Invasive alien species are those that occur outside their natural range and threaten the existence of native plants and animals. They can be plants, animals or microorganisms that are introduced intentionally for economic or agricultural purposes, or accidentally, through tourism, travel or trade, or when domestic animals become feral.
As well as drawing attention to the rising cost of invasive species on a global scale estimated at US$1.4 trillion in damage GISP stresses that too much emphasis has been placed on the problems faced by the agricultural sector in developed countries rather than in developing countries and on the full range of environmental, social and economic costs. The report also emphasises that due to the lack of knowledge and research available on the severity of individual pests and the options for best controlling them, policy makers are being left in the dark.
Dennis Rangi, Chair of GISP says:
With the increase in global trade, invasive species are gaining more and more prominence around the world. However the level of awareness amongst decision-makers, and in particular those in developing countries is still relatively low.
He goes on to say that to enable informed policy making on the prevention, eradication and control of invasive species, it is critical that studies are expanded to show the extent of the problem and in particular the impact that these weeds, pests and diseases have on peoples lives. He says numbers are not enough; decision makers need to know the tangible effects invasive species are having on the individual farmers and their crops.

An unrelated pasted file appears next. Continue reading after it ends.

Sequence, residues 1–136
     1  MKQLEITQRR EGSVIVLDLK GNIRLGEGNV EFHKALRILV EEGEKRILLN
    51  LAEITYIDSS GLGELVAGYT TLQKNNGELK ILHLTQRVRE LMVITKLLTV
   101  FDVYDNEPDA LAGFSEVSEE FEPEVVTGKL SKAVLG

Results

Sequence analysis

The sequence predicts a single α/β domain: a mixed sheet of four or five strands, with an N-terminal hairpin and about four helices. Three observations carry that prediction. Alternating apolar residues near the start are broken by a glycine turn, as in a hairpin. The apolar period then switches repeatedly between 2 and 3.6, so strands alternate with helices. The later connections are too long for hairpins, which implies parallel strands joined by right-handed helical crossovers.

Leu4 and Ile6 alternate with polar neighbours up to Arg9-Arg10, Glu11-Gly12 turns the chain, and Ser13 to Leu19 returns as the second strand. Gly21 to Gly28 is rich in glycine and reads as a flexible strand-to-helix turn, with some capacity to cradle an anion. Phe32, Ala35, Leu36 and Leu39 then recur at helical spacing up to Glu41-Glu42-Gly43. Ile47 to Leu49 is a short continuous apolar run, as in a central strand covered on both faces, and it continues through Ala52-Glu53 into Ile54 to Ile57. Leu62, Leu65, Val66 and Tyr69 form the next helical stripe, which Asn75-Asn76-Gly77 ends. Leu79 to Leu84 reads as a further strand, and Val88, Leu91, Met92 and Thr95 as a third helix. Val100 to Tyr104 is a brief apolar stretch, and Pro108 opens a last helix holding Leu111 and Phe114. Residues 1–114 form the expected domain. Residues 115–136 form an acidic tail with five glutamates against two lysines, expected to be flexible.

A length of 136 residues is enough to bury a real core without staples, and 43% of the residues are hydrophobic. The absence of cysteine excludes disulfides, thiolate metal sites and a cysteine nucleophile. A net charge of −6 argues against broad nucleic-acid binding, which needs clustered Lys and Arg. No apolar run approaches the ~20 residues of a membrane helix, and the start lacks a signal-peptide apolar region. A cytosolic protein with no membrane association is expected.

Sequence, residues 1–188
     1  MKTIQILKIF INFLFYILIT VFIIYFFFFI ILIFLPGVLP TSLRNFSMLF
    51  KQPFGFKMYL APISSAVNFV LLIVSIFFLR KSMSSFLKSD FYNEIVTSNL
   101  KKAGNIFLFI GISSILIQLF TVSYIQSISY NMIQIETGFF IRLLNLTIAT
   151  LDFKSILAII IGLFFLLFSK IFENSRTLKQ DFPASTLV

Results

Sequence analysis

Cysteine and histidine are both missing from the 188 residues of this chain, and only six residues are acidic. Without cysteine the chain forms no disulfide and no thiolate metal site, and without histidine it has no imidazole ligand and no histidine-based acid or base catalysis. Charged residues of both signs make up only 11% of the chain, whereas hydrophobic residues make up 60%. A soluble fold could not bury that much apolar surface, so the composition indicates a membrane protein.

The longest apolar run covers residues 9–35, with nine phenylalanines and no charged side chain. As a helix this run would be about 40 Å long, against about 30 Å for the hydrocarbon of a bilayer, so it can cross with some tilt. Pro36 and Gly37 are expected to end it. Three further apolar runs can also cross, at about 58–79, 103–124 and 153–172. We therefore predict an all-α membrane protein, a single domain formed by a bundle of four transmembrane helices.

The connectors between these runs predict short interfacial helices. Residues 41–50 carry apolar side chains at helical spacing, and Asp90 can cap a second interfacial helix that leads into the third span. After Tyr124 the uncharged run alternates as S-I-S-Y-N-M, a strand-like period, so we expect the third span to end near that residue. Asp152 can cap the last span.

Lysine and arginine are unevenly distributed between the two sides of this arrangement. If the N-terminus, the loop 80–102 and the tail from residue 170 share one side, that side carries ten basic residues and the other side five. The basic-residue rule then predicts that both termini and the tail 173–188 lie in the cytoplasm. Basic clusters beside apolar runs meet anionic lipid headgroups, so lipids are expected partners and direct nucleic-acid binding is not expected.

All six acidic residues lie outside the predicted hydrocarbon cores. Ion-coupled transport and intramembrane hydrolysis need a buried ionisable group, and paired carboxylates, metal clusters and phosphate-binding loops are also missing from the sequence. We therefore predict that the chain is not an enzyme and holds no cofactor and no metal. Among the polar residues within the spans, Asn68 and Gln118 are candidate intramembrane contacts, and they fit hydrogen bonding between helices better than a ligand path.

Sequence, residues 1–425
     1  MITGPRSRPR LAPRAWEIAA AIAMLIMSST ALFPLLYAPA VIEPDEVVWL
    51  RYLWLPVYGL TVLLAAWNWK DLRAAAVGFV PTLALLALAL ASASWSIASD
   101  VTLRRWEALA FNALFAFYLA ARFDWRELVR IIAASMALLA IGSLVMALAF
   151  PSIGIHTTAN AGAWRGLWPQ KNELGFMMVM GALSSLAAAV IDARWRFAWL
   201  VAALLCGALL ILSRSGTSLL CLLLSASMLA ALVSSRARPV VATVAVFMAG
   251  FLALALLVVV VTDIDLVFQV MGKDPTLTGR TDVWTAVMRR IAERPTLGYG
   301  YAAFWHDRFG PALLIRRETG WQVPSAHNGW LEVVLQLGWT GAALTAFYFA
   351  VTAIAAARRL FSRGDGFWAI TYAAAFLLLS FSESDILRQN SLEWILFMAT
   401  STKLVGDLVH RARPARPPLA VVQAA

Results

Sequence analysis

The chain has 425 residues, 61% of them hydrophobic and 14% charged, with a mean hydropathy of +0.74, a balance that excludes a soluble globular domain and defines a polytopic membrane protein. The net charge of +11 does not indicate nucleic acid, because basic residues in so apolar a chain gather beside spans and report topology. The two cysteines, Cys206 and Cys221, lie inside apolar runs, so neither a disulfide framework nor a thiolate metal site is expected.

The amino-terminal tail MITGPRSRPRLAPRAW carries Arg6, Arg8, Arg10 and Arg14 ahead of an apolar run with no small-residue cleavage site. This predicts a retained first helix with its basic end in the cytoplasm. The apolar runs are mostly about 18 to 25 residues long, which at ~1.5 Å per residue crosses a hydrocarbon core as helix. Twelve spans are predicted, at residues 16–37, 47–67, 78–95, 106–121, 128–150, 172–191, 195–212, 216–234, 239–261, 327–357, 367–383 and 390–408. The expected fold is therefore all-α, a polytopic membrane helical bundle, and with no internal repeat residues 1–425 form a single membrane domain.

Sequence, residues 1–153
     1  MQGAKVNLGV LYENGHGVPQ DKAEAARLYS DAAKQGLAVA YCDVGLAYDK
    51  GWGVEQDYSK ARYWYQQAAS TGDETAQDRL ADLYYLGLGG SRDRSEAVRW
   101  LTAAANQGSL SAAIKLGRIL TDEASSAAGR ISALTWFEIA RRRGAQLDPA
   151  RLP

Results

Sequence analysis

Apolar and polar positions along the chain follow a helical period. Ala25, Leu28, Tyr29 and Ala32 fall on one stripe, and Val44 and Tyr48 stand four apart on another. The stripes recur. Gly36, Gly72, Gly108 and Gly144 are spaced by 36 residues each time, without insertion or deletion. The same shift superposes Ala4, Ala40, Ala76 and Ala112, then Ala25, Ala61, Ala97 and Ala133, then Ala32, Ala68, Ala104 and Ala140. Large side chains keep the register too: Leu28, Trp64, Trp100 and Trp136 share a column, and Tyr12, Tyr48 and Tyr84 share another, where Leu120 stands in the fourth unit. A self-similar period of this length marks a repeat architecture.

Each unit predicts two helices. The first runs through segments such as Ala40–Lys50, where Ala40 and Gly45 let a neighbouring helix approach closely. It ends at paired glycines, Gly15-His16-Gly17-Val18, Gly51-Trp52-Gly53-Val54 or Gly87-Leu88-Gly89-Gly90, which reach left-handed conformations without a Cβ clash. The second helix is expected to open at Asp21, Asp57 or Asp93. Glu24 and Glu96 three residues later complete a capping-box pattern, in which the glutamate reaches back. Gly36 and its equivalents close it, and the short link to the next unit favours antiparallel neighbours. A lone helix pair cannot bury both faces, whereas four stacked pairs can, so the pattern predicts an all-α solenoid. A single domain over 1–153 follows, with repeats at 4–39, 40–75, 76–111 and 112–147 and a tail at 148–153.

To help address the issues, GISP and one of its lead organisations, CABI, has undertaken a number of case studies of problem invasive species in Africa a country with a current lack of analysis. As well as highlighting the overall economic damage to the affected countries, the studies show the estimated monetary loss to farmers, the cost of
|Contact: Lynsey Sterrey|